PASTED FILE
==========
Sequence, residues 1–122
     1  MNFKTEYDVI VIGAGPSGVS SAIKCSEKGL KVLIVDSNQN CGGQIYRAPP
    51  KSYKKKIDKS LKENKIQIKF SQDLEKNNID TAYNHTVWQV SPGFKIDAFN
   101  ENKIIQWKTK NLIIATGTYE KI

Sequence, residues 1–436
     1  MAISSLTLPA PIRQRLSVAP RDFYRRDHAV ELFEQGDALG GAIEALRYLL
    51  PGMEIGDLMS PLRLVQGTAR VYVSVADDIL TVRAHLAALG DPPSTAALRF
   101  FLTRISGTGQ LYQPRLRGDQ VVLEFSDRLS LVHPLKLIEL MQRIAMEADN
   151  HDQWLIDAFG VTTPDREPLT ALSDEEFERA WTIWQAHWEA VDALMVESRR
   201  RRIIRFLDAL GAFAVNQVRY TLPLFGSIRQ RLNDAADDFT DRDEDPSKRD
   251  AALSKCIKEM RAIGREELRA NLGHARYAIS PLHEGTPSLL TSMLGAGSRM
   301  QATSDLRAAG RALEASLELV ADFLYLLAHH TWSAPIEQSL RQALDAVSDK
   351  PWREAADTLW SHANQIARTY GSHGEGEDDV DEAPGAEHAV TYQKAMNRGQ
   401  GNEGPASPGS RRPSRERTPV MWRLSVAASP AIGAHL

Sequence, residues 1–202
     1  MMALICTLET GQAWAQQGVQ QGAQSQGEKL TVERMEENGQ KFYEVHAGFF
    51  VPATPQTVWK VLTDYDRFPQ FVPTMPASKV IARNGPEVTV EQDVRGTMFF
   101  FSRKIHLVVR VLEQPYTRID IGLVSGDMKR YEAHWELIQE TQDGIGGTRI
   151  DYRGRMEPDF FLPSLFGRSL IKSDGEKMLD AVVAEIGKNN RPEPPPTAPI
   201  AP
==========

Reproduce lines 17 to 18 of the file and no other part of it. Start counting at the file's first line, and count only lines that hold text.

    51  VPATPQTVWK VLTDYDRFPQ FVPTMPASKV IARNGPEVTV EQDVRGTMFF
   101  FSRKIHLVVR VLEQPYTRID IGLVSGDMKR YEAHWELIQE TQDGIGGTRI